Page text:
Scientists studying North Americas rare Florida bonneted bat (Eumops floridanus) are reaching out to the community to help them find the elusive species. The citizen science project, funded in part by Bat Conservation International, aims to fill data
gaps in the current knowledge of the species range by enabling volunteers in Florida to conduct acoustic surveys in their own backyards.
The information citizens will be collecting is critical to our overall understanding of the statewide population of this species, says Jess Rodriguez, NE Region Volunteer Coordinator for the Florida Fish and Wildlife Conservation Commission. These
surveys will add to the data collected by state and federal agencies, universities, and non-government organizations. There is very little known about the Florida bonneted bat, and the data our volunteers collect will hopefully guide the development
of conservation efforts and future research.
Participating citizen scientists are given acoustic detectors and training to deploy the equipment in their own backyards or on local conservation lands. Citizens are given the detectors for seven days and are asked to record for five nights.
To be able to check for bats in my own backyard was really fun, says Paul Gray, one of the first volunteers to participate in the project. Anyone can do this. They give very clear directions [to set up the equipment], and it just takes a few minutes
every day to check the detector. I cant wait to hear the resultsthat is what is really exciting me. While the project aims to find new locations for the rare bat species, all bat calls that are generated from the acoustic surveys will be identified. We
are sending home every volunteer with a species list and letting them know what was found in their yards. So far we have found five bat species in the 12 sites that we have surveyed, but no bonneted bats yet, notes Rodriguez. Considering that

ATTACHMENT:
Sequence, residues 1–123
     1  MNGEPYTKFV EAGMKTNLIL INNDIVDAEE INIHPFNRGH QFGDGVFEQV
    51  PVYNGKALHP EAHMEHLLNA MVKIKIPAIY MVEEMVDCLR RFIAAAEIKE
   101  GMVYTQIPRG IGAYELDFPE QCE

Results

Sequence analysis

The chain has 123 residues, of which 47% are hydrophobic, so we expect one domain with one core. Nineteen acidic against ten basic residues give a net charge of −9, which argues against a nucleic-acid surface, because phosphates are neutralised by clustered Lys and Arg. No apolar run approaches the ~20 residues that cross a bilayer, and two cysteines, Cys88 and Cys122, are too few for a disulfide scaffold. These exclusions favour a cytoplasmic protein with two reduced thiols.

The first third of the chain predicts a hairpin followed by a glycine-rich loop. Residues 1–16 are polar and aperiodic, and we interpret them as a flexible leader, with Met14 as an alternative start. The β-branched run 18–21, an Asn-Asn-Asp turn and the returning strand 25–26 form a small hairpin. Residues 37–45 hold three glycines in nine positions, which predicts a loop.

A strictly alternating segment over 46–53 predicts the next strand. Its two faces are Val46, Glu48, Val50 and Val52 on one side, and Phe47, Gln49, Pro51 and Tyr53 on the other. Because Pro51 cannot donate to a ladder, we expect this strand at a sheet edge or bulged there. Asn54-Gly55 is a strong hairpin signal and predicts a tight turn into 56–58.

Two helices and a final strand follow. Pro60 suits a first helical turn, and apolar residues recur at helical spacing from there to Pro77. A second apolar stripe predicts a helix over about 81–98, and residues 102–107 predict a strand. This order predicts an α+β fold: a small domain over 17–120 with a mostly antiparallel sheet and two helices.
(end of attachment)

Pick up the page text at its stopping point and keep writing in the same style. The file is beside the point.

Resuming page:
they are so rare, it would be incredible if a citizen actually found a Florida bonneted bat, she adds. Finding a bonneted bat would be a really great achievement, contributing a lot toward knowledge of the species.
The project continues through to July 2016 and is currently looking for more volunteers in its study area. The study area includes DeSoto, Hardee, Highlands, Okeechobee and Polk counties with SR 60 acting as the northernmost boundary, SR 70
acting as the southernmost boundary and the Peace and Kissimmee Rivers acting as the western and eastern boundaries, respectively.
Interested volunteers should contact Jess Rodriguez (firstname.lastname@example.org, 352-732-1225) or Brendan OConnor (email@example.com, 863-648-3829) for more information.
Other ways to support research You can help us provide bat detectors ($1,500 per detector) and funding for data analysis ($4,000) for this project. Visit batcon.org/backyardbats.